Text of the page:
Home Teachers' Resources 311 HISTORY AND GOVERNMENT SYLLABUS FORM 1-4 IN PDF

311 HISTORY AND GOVERNMENT SYLLABUS FORM 1-4 IN PDF

311 HISTORY AND GOVERNMENT
GENERAL OBJECTIVES

By the end of the course the learner should be able to:

1. recognize and appreciate the importance of studying History and Government;
2. acquire knowledge, ability and show appreciation for critical historical analysis of socio-economic and political organization of African societies;
3. understand and show appreciation of the rights, privileges and obligations of oneself and others for promotion of a just and peaceful society;
4. promote a sense of nationalism, patriotism and national unity;
5. encourage and sustain moral and mutual social responsibility;
6. identify, assess and appreciate the rich and varied cultures of the Kenyan people and other peoples;
7. promote a sense of awareness and need for a functional democracy of the Kenyan people and other nations;
8. promote an understanding and appreciation of intra-national and international consciousness and relationships;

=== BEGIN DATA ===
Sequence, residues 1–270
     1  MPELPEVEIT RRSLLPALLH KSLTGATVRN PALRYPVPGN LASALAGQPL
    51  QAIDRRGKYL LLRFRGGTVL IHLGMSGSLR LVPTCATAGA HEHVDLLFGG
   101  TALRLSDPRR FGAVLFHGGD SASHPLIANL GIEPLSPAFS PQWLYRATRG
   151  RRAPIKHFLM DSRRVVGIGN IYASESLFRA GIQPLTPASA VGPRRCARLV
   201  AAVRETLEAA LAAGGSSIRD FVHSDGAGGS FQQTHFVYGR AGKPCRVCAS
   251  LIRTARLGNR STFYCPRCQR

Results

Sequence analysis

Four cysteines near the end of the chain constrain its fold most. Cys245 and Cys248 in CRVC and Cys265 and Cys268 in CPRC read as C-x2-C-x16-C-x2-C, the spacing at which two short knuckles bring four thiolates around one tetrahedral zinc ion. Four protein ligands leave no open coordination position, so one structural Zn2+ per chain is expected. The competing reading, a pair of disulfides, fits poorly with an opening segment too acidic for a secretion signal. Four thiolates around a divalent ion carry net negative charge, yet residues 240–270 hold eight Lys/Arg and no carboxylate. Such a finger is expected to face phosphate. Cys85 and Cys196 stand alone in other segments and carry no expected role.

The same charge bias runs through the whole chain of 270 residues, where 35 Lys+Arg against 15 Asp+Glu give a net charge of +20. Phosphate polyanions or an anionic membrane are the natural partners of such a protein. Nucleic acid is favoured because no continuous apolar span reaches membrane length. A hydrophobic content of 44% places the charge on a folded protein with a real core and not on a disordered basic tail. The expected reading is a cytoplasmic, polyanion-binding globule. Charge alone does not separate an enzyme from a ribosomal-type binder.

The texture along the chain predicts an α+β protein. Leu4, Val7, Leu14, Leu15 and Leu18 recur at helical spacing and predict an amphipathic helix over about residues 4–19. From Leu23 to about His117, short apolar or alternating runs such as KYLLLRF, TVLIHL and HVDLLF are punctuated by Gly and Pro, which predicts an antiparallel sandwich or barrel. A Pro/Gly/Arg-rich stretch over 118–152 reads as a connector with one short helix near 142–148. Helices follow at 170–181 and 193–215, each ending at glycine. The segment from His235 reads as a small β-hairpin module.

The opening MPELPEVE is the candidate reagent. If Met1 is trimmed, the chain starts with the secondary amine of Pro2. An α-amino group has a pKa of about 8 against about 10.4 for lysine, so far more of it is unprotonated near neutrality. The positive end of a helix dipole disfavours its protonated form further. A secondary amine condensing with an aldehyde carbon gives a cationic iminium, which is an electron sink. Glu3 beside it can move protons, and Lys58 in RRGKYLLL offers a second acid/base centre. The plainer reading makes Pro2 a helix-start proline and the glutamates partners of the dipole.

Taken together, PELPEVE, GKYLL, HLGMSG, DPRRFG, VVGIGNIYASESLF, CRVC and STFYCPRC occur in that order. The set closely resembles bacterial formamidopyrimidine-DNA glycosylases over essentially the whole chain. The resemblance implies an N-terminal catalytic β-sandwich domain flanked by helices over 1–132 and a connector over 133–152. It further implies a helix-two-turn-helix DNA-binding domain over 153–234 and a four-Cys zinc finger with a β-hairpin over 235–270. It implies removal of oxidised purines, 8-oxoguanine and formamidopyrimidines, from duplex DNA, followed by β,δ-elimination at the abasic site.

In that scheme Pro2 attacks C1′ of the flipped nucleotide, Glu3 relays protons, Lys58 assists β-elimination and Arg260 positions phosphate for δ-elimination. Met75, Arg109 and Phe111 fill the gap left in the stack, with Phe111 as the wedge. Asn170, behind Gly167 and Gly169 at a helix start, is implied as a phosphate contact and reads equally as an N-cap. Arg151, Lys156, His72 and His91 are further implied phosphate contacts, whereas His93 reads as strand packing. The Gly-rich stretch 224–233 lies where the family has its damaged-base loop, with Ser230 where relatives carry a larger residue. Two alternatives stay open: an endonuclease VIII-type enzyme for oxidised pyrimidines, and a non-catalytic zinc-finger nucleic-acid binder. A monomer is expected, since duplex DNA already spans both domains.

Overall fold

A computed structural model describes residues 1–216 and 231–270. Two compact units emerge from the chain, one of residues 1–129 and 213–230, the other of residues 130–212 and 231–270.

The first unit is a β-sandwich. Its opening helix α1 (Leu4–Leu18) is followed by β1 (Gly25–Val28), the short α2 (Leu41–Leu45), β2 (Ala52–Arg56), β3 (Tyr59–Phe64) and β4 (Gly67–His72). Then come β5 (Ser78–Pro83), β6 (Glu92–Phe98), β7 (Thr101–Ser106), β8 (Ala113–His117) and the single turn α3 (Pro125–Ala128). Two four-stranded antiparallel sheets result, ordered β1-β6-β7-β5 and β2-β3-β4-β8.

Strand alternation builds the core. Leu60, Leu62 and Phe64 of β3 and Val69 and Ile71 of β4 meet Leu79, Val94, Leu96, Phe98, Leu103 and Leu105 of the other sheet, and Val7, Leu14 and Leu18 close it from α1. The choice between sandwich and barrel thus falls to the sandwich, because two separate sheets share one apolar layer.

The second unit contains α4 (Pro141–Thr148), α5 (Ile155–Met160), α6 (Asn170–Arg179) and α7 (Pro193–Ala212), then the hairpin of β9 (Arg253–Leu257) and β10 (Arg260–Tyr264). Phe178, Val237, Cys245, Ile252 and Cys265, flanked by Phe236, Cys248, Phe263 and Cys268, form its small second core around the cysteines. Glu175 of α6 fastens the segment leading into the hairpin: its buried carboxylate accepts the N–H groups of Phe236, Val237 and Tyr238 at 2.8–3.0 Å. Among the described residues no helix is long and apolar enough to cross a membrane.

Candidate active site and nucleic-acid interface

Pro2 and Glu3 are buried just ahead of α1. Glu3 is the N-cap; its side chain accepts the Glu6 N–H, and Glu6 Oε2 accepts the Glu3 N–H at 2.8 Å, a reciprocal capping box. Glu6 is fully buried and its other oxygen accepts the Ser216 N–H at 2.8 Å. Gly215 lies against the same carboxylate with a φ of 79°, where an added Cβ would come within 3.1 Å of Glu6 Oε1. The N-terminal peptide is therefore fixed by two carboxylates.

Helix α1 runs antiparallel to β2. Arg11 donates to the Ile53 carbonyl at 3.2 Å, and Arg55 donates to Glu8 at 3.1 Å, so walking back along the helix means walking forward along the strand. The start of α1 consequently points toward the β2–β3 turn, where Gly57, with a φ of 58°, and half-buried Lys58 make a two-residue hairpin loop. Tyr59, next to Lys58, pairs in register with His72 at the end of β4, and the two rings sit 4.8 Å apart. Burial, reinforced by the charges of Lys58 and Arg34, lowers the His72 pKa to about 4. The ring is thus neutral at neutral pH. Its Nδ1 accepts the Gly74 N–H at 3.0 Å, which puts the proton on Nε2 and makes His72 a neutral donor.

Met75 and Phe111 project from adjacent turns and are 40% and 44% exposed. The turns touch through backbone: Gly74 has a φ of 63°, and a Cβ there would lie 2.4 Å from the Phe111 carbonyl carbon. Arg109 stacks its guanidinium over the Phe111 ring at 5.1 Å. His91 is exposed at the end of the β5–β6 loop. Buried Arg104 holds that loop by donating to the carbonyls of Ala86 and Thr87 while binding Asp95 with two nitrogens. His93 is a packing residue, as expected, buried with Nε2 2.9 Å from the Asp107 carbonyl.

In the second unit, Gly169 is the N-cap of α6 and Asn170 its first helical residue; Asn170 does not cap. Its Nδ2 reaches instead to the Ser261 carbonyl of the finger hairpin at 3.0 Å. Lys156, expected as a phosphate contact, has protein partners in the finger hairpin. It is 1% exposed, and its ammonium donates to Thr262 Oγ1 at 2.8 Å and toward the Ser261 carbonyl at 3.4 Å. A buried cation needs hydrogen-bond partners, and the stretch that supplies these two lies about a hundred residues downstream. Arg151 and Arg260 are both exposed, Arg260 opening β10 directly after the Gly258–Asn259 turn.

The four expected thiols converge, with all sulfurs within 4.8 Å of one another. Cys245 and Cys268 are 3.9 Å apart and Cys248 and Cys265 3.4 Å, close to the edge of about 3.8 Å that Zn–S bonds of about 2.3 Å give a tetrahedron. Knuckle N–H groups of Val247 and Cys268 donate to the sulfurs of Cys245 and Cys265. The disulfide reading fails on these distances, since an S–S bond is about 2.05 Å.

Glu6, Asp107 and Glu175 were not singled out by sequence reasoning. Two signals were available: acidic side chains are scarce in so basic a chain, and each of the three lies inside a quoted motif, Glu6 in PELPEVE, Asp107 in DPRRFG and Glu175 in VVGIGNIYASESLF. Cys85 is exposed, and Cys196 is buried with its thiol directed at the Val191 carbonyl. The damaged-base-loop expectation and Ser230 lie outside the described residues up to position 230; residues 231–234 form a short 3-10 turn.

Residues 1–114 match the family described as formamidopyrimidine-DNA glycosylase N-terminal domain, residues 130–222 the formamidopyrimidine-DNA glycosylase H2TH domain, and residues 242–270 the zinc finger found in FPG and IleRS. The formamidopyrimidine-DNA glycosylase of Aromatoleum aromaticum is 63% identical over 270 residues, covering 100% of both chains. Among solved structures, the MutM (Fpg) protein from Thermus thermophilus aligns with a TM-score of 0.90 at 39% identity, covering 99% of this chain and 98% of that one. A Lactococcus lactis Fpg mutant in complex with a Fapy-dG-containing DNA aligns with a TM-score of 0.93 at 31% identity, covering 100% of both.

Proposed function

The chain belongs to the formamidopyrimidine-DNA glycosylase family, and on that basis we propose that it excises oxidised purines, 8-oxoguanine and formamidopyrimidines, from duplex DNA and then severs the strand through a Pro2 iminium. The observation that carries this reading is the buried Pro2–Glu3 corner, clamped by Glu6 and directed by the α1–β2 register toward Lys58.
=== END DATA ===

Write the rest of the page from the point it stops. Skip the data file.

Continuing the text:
9. derive through the study of History and government an interest in further learning;
10. appreciate the importance of interdependence among people and among nations
11. identify, assess and have respect for different ways of life influencing development at local, national and international levels;
12. demonstrate the acquisition of positive attitudes, values, and skills for self reliance;
13. acquire appropriate knowledge, skills and attitudes as a basis for technological and industrial development;
14. promote patriotism and national unity.
1.0.0 INTRODUCTION TO HISTORY AND GOVERNMENT
1.1.0 Specific objectives
By the end of the topic, the learner should be able to:
a) explain the meaning of the term ‘History’;
b) explain the meaning of the term ‘Government’;
c) identify the sources of information on History and Government;
d) explain the importance of studying History and Government.
1.2.0 Content
1.2.1 The meaning of History 1.2.2 The meaning of Government. 1.2.3 Sources of information on History and Government. 1.2.4 Importance of studying History and Government. 2.0.0 EARLY MAN 2.1.0 Specific Objectives By the end of the topic, the learner should be able to: